Keys to International Investing: Momentum and Low Volatility

Keys to International Investing: Momentum and Low Volatility

Although the twin headwinds of economic and geopolitical uncertainty are buffeting international markets, stocks in developed international markets invite closer examination. Historically low interest rates, supportive central bank policy, relatively attractive valuation and the chance for returns to experience mean reversion — or a move back toward average — may frame an opportunity for international developed market equities to outpace the S&P 500 Index.  

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Why Development Trumps Acquisitions in Our Real Estate Portfolios

Why Development Trumps Acquisitions in Our Real Estate Portfolios

One of the trends affecting real estate markets this year is the increasing difficulty commercial real estate companies are facing as they seek to complete potential acquisitions. Strengthening commercial real estate fundamentals, coupled with the low cost of financing, have resulted in a large increase in the number of bidders for assets in the past several quarters. In some cases, public real estate companies must compete against other buyers that may have a lower cost of capital. This trend has been most pronounced in the US and other developed countries.

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It Will Take More Than ECB Rate Cuts for the Eurozone to Fully Recover

It Will Take More Than ECB Rate Cuts for the Eurozone to Fully Recover

The European Central Bank’s (ECB) surprise rate cuts on Thursday — reducing its main lending and deposit rates by 10 basis points — show that its policies so far have been inadequate to solve the euro-area’s economic malaise. Economic growth has stalled, and deflation remains a threat in the eurozone. The rate cuts may help to weaken the euro further in the currency markets, but nobody should be under any illusion that banks will start lending or expanding their deposits as a result of the rate cuts alone, or that these cuts will trigger a wider economic recovery.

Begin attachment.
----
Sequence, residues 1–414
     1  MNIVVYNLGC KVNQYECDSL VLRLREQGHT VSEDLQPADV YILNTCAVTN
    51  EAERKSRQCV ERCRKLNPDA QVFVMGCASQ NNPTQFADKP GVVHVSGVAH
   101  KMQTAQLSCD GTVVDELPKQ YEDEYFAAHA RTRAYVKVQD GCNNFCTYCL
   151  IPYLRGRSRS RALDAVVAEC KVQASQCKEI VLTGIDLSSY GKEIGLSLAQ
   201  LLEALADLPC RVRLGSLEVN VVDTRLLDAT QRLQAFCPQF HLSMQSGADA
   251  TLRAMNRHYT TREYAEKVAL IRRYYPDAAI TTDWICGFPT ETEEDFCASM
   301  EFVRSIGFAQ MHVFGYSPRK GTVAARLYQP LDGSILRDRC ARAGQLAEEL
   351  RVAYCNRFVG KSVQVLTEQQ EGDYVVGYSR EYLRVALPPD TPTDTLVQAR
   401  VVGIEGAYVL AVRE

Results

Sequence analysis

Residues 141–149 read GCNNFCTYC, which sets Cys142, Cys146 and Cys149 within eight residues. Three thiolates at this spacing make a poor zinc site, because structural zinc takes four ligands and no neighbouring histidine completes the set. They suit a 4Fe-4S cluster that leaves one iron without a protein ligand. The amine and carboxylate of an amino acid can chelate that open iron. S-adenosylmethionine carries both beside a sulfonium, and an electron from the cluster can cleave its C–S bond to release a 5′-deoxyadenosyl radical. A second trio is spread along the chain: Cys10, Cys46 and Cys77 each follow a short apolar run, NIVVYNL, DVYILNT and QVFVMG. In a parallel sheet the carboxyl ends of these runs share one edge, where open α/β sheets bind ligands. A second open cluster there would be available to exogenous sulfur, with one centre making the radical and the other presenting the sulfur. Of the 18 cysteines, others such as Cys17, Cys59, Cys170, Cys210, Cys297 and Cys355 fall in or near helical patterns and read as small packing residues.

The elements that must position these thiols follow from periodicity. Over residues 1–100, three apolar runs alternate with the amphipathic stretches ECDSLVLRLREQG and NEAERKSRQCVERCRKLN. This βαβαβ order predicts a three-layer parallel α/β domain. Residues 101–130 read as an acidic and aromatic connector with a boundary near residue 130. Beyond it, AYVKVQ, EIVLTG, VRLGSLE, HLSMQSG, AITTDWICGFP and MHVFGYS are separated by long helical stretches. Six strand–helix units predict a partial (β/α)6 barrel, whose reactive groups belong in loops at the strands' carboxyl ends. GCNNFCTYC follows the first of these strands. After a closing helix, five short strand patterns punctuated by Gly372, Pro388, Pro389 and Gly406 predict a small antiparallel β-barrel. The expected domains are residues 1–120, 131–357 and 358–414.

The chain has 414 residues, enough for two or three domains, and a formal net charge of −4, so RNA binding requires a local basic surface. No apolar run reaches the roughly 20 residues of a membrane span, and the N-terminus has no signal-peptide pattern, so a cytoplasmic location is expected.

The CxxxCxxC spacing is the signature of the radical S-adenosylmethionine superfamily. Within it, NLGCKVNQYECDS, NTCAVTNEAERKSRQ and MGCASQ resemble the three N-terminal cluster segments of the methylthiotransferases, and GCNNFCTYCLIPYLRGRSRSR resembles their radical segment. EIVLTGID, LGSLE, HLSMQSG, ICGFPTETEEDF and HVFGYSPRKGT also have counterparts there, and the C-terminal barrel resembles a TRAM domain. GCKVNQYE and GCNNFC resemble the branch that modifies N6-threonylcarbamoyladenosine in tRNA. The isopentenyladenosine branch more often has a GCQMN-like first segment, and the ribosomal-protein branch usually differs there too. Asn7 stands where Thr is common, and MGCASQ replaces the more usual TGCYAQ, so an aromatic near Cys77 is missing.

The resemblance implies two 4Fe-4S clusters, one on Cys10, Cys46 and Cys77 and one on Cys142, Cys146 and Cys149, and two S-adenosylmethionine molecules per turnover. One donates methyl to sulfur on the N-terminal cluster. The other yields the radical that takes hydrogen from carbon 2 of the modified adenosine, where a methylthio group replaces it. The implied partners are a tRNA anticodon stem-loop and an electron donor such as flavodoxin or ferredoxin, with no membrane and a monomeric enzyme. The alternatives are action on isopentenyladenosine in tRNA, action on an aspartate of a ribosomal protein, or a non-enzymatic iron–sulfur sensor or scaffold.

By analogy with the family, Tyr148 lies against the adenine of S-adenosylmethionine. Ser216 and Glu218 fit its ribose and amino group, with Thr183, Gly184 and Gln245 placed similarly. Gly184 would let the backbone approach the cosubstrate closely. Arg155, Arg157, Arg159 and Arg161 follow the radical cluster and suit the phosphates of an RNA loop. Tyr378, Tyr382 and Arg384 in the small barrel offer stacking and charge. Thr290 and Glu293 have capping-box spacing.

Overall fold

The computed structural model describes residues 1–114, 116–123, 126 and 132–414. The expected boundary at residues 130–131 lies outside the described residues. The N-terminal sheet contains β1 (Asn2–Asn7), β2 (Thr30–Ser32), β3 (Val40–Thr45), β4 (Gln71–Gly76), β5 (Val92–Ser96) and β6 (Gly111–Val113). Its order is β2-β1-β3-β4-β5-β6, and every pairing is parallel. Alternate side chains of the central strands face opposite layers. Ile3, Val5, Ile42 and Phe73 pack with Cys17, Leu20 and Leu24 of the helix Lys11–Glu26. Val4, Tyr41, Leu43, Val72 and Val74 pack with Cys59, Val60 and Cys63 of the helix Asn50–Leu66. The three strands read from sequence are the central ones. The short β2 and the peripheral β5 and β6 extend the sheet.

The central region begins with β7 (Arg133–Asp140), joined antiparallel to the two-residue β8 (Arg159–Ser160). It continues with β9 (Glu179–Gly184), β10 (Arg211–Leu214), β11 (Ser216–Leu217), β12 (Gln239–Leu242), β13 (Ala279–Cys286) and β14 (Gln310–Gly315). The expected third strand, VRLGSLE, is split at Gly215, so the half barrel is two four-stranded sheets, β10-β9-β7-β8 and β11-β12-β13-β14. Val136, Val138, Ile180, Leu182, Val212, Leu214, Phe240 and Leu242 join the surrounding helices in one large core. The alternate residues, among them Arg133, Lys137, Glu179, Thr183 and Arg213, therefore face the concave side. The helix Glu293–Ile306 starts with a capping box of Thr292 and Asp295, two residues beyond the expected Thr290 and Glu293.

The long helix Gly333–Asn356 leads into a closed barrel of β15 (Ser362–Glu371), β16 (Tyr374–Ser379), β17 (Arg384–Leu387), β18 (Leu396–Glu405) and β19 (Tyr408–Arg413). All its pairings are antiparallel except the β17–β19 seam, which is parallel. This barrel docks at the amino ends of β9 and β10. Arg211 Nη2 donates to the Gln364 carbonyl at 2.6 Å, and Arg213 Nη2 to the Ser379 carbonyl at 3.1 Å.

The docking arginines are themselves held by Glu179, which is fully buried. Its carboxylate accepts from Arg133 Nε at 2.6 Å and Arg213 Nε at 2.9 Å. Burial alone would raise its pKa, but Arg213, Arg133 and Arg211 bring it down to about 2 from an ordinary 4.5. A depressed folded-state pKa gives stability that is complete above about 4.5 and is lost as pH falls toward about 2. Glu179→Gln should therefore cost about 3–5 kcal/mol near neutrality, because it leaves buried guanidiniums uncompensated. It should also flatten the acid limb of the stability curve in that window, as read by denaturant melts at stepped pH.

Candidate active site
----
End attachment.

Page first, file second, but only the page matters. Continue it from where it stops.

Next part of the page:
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The ECB Provides a Reason to Look Overseas

The ECB Provides a Reason to Look Overseas

On Sept. 4, it became clear to investors that the US Federal Reserve and the European Central Bank (ECB) are going different directions. At its meeting that day, the ECB cut its deposit rate by 10 basis points (bps) to reach a level of -20 bps, and reduced its main refinance rate by 10 bps to reach a level of 5 bps in an attempt to bolster growth and stop disinflation in the eurozone. More importantly, the ECB indicated it would start buying asset-backed securities covering the real economy and including real estate.  Through these moves, the ECB is poised to expand its balance sheet dramatically and inject material liquidity into the eurozone economy. 

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ECB Meeting Marks a Possible Turning Point

ECB Meeting Marks a Possible Turning Point

Net, net, European Central Bank (ECB) announcements surprised positively across the board:

  1. Rate cuts were a positive surprise.
  2. Without much detail at this point, the ECB also appears to be planning to increase its balance sheet substantially, largely through bond purchase programs announced today.
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Searching for Value in Global Small-Cap Stocks

Searching for Value in Global Small-Cap Stocks

While many global small- cap companies have gotten their balance sheets in good shape over the last few years, valuations are currently a concern. The MSCI World Index is up 184% since the market low on March 9, 2009,1 and we believe most equities are at or near full value. This makes it much harder to find high-quality companies at cheap prices. Against this backdrop, the challenge is to find the hidden gems within the vast universe of global small-cap companies.

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